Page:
Midweek Me Moment

Allow a moment of self-indulgence in this self-titled blog to mention what’s up in my writing life.

First, I’ve finally faced the fact that I have to rekey the novel manuscript that has become what my husband affectionately calls the “eternal novel.” Eternal because I work on it, leave it, work on it, leave it, work on it . . .

The novel begins immediately post 9/11 (though I began writing it in 2007) and is about a middle-aged LDS woman who, in the 1970’s, unknowingly married a closeted homosexual. He, of course, hoped marriage and hetero-sex would cure him. The marriage didn’t go so well, as you can imagine. She harbors resentment, and the novel works its way toward, what else but redemption and peace? The  female protagonist is a non-traditional graduate student in history at BYU and is working on a master’s thesis about the Unknown Man. The Unknown Man is listed on the “This is the Place Monument” as a member of the first wagon team to enter the valley. The life of this pioneer, her ancestor and a reluctant polygamist, is the secondary plotline. Basically, I strive to use his character as a sort of substitute voice for the gay ex-husband, who isn’t always front and center, since its the woman’s story. While the pioneer subplot is told in the classic, “this happened, then this,  then this” structure, the remainder of the novel is a structural stew, with present and past tenses, and first and third person voices for the protagonist all mixed together. Unabashedly high brow and yet, I think, accessible.

As I said, I’ve left the novel a few times, largely because some of the political tensions between the Church and the gay community have knocked my breath from me and made me step back, to watch and wait. I’ve never considered this novel one written for the MoLit community, but for the secular, and have worked hard to ensure that it doesn’t make political statements and cannot be read as a treatise on Mormondom. I aim to craft a novel that functions as what Potok would call a bridge between the religious and secular communities. This has required me to be very sure I know what those communities are thinking, how they have been speaking to one another, and where the pitfalls may be for me in terms of crafting that sturdy bridge between secular and religious. And, of course, I’ve taken time out from work on the novel to write shorter pieces or do some editing. Once in a while teaching became overwhelming, so I quit. Priorities, people, priorities.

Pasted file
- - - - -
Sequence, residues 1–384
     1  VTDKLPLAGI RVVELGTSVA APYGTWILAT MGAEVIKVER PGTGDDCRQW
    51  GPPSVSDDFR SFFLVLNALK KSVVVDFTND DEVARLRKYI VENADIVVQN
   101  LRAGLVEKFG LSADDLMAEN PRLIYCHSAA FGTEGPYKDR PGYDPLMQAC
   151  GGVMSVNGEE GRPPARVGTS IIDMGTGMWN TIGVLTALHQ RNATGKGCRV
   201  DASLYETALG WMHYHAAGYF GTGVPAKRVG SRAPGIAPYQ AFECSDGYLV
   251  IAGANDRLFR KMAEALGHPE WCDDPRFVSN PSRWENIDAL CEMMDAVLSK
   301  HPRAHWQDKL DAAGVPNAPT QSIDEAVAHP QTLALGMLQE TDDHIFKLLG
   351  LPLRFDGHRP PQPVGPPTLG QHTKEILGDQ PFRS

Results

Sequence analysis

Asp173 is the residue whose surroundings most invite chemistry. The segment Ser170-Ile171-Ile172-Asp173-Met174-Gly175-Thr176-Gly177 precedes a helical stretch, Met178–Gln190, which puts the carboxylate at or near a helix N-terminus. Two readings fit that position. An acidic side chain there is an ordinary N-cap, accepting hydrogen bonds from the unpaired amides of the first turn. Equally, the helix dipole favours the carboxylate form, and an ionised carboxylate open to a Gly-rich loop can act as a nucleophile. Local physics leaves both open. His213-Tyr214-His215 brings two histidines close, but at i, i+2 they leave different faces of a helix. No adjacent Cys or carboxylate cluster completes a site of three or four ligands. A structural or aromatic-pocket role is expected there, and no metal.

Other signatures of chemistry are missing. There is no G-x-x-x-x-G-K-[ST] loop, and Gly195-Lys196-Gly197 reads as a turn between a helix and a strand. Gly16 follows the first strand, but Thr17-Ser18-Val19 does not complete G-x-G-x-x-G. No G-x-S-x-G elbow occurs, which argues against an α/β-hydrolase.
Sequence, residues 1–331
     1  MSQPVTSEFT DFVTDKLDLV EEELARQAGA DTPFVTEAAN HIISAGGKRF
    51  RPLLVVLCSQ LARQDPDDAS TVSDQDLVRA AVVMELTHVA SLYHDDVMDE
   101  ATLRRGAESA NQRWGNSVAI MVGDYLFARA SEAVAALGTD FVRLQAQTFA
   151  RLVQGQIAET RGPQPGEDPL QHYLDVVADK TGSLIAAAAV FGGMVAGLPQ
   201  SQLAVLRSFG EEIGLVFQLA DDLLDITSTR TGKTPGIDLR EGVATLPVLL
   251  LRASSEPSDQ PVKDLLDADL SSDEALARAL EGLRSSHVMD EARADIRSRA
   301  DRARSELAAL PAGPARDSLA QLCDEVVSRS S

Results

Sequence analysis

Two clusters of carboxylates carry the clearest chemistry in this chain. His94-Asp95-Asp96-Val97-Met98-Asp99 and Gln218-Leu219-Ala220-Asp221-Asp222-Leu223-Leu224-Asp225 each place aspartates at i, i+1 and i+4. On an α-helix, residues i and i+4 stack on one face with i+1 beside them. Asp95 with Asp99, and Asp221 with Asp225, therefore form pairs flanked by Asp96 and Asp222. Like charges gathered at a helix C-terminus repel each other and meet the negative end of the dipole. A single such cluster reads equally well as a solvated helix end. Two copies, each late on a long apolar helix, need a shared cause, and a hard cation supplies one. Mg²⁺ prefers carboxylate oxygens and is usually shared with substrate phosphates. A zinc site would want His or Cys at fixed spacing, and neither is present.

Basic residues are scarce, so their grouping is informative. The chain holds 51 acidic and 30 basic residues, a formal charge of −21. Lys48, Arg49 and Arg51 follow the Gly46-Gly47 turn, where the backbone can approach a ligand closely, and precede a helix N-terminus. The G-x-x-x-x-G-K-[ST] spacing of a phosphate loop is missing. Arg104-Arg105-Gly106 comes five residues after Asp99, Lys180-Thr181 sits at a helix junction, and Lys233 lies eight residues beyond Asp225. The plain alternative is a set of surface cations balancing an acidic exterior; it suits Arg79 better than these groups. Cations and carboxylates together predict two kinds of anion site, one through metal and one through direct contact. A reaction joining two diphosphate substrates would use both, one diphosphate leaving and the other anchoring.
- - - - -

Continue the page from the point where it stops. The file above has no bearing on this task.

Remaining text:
But all is falling into place and the novel is approaching its conclusion. Approaching. Unfortunately, I began the thing on an old computer with an old Word 2003 program. I’m taking a few mindless days now to rekey the thing into the most recent version of Word and am enjoying and gaining confidence from revisiting the earlier scenes.

Laying on the floor about five feet to my left is a great kid who is making blowing-up sounds and tossing Lego assault vehicles of his own creation into the air. I’m looking forward to the advent of another school year and large blocks of time to finish and buff up the manuscript.

Then begins the arduous task of finding Holding Back the Moon a home with a publisher so it can make it to your homes. Charge!

Watch for a review of Kathryn Lynard Soper’s memoir The Year My Son and I Were Born, to be posted Friday, and followed next week with a Discussion for Writers on the power of perspective.

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4 Comments